• Marketing cost reduction (is there much more to squeeze out of marketing without cutting into substance and choking off growth?)
  • Outsourcing (along the same lines as cost reduction, and can we afford to outsource even more without losing core competencies?)
  • Lead quantity (see increased focus on lead quality in the top 10 list)
  • Push marketing tactics (see focus on pull marketing in the top 10 list)
  • Marketing asset management (while still important, many marketers have solved this problem with asset and content management tools)

What are your thoughts? Does this reflect the reality in your organization going into 2011? What of these focus areas match your priorities, which don’t?

Thank you for following and contributing to this blog. I hope the new year will treat you well and that you have much success in your B2B marketing efforts in 2011!


shimon ben ayoun said...

Great overview!
I totally agree with most of your points. I think that content marketing and lead quality will be major issues in 2011!

Marketing automation is still in its VERY early adoption in Europe, but i do agree that the awareness to these type of systems will grow this year.

John Cook said...

How do you accomplish point number 1?

Anonymous said...

Superb and comprehensive list. I think you nailed it. Social media, content marketing, lead quality, etc. are all of critical importance, as is sales empowerment. And I think marketing automation is due for a big year.

Jeff Ogden, the Fearless Competitor
Find New Customers

Sean O'Donovan said...

Love it. Especially as we find our own plans very closely aligned with almost all of these top 10 trends. Thanks for the insights


Darren Coleman said...

Interesting thoughts so thanks for these. I'd add one more though. Employee or “brand” engagement. Brands are finding it increasingly difficult to differentiate through goods / tangibles. They are frequently imitated and so USPs fade. This means for companies making a good excellent service is now imperative. To do this employees’ need to understand and engage with the brand. If they don't all the pull comms in the world will be wasted as employees don't deliver against your brand promise. Employees need to engage with the brand a deep and emotional level to give your brand promise credibility.

James Hanson said...

Good list, thanks, and clearly many are interlinked. Definitely see the ongoing rise of Marketing Automation (and frustrations of implementation) but that can only be done with great content and quality market intelligence. Clearly many of these have been trends for the last year that look set to continue but customer retention is where we expect to see new budgets being unlocked. Be interested in more detail around the decline of outsourcing - clearly a broad topic that could mean a variety of things.

Kate Hammer, commercial storyteller said...

Holger, a great list, thank you. Here at Throughline we see strong connections between content marketing that truly takes on board customers' perspectives, their pain and pleasure; and sales enablement. I'd love to hear from you and the forum on how in 2011 B2B marketing teams within companies are researching their customers' pain, and how learnings are shaping not only the "offer" but also the collateral and the sales approach.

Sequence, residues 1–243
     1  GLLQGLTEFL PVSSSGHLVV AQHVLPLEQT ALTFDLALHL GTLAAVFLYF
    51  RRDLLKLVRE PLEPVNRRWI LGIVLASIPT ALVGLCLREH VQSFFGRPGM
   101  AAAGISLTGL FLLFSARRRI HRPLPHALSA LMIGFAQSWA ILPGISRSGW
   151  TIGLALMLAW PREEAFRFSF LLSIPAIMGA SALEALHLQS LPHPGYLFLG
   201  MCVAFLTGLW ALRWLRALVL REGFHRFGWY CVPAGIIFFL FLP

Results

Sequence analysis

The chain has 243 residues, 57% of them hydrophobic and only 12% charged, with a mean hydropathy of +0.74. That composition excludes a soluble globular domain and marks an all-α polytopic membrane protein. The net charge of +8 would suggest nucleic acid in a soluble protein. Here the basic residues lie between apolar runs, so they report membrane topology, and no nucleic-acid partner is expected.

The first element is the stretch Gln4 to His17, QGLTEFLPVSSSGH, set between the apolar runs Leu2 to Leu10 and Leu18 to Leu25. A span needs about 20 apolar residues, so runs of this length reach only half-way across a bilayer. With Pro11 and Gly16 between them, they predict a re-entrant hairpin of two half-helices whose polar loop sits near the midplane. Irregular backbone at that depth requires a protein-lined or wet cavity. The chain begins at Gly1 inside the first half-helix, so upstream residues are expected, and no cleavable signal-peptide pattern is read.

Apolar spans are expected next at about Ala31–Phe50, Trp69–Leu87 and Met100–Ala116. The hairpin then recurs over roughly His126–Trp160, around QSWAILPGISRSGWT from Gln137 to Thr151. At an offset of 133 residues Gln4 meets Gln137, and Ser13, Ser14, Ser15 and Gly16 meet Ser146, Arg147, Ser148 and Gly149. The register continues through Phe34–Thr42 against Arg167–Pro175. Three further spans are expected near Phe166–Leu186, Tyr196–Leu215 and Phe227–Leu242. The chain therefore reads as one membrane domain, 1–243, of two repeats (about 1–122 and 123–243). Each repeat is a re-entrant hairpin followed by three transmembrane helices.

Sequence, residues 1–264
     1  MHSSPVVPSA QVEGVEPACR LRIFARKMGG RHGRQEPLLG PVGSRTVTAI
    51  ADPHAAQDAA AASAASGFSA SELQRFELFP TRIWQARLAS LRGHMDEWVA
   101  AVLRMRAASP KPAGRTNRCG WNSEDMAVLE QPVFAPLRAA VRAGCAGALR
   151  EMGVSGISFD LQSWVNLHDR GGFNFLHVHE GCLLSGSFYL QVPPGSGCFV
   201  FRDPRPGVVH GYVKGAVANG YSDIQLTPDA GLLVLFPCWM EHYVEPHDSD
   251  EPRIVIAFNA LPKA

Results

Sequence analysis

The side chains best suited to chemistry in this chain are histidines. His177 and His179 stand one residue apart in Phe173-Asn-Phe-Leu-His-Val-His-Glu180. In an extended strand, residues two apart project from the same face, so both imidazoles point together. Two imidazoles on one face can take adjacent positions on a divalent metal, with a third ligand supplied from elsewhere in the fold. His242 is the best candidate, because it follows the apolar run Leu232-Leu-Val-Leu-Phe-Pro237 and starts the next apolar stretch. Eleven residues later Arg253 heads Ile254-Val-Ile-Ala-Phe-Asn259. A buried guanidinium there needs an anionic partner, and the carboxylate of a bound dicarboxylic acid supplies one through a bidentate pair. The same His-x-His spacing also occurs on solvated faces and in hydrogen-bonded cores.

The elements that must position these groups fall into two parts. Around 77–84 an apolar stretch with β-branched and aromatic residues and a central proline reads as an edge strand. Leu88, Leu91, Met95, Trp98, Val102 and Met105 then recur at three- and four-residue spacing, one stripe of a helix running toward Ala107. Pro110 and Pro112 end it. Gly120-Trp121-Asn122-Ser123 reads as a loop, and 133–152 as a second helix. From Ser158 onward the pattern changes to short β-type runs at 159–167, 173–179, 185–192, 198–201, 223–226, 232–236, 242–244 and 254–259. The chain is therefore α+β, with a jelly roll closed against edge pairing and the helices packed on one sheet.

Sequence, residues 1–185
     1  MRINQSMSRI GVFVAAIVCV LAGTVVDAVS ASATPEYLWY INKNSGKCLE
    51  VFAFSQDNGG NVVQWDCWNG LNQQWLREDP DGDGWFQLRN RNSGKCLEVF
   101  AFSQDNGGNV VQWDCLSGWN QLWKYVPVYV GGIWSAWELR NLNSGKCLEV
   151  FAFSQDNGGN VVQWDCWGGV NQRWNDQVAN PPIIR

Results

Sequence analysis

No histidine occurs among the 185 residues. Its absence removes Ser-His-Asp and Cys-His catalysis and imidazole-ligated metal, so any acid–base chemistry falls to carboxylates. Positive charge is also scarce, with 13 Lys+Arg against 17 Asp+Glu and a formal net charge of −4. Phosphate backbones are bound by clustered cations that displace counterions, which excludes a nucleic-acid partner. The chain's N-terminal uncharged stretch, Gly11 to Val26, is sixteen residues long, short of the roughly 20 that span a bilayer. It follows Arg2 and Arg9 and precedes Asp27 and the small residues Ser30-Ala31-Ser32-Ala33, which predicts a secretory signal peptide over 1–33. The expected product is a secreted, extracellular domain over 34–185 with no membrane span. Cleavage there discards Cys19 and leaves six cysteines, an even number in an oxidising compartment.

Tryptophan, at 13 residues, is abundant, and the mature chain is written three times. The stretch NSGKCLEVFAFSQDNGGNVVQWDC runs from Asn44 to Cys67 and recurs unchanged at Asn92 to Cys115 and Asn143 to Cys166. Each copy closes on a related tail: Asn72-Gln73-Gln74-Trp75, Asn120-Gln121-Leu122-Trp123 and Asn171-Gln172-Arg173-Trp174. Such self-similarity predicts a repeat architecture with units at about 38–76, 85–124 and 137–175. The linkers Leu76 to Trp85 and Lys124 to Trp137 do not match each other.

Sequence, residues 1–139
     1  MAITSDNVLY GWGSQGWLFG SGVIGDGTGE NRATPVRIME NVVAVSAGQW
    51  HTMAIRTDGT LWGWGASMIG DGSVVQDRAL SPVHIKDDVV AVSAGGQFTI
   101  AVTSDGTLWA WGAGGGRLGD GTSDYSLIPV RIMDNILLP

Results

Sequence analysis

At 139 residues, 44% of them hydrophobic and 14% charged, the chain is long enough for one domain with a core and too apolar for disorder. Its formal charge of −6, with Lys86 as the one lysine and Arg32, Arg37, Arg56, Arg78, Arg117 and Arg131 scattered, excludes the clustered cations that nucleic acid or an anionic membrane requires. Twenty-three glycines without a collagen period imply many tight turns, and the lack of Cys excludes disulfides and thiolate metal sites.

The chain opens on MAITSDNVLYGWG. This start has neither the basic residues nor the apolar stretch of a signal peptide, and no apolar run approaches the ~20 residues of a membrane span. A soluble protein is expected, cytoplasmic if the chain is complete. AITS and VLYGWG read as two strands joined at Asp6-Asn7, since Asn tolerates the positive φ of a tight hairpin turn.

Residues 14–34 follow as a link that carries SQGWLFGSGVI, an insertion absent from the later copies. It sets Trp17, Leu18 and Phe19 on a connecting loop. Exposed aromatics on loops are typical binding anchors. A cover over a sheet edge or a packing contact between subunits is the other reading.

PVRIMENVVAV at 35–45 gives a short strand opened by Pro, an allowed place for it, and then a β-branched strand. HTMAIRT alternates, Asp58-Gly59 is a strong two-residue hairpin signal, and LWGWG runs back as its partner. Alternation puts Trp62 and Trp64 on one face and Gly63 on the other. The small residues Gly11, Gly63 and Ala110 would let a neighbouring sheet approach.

Holger Schulze said...

Shimon - Good point. And considering the tough privacy laws in many European countries, do you think marketing automation will see lower adoption rates in Europe?

Holger Schulze said...

Thanks Jeff - much appreciated. I am a big fan of the Fearless Competitor.

Holger Schulze said...

Sean - thank you, great to see some validation of the survey results!

Holger Schulze said...

Darren - Agree 100 percent. The brand is becoming an important differentiator (again) in a time where product differentiation diminishes and prospects cant make sense of the confusing information overload. Strong brands trigger an emotional response that cuts right to the core of preference, decision making and risk aversion. I also agree that the job of branding and marketing is not limited to the marketing department. To be a strong brand every employee must deliver on its promise and become an ambassador for the company. Think of the power of thousands of brand ambassadors and their reach into their networks...

Holger Schulze said...

James - The decline in marketing outsourcing is interesting indeed. I would argue that a point of diminishing returns has been reached. And BTW, I am referring to a decline in the rate of outsourcing growth, not decline in outsourcing overall.

Holger Schulze said...

Kate - good point. I think the biggest challenge is that of changing the marketing mindset away from product and offer centric marketing toward putting the buyer into the center and building marketing around it. This buyer centric model needs to carry through across your value chain from product innovation and market validation to branding, marketing and your sales approach. Top performing companies have done this all along, it's only now that everybody else has no real choice but to adopt this approach if they want to stay relevant.

Holger Schulze said...

John - I have experimented with a number of approaches to integrate social into the mix, and some tactics have failed, some did OK, and others work remarkably well. Shoot me an email ( if you are interested in details. This topic might actually be worth another blog post.

Outsource SEO said...

Great insights. Thanks for sharing your thoughts.I'm looking forward to the outcome of the key trends in lead quality performance this year.

Jim Novy said...

Your Top 10 list is very good, albeit a bit weak on -- dare I say it -- innovation. One major void is the emergence of B2B mobile marketing. With 4.6B mobile users worldwide and companies like Intel and Qualcomm leading the B2B mobile marketing wave, there is no ignoring this trend that will likely be ho-hum by the time your 2012 Top Ten list comes out.

Holger Schulze said...

Jim - Thanks for your comment. I agree mobile is a critical trend. It was, however, not voted among the top-10 B2B marketing trends to watch in 2011. Maybe it's because mobile is much more relevant in consumer marketing than B2B marketing - what are your thoughts?

seo reseller said...

I am also a student of marketing and I find it as an imperative that we must capitalize on every marketing technology that we find useful for the competitive edge.